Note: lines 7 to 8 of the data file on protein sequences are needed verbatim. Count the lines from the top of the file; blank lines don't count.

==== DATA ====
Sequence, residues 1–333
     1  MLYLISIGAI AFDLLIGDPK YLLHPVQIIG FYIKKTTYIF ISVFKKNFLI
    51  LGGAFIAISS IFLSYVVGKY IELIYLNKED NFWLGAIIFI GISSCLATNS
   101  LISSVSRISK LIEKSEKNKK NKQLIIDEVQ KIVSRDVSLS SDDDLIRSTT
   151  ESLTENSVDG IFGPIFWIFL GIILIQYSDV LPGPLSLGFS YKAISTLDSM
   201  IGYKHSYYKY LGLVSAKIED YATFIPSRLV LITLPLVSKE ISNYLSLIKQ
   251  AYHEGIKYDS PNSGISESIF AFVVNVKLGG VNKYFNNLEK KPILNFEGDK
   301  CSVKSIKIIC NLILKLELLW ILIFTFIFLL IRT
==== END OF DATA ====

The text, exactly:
   251  AYHEGIKYDS PNSGISESIF AFVVNVKLGG VNKYFNNLEK KPILNFEGDK
   301  CSVKSIKIIC NLILKLELLW ILIFTFIFLL IRT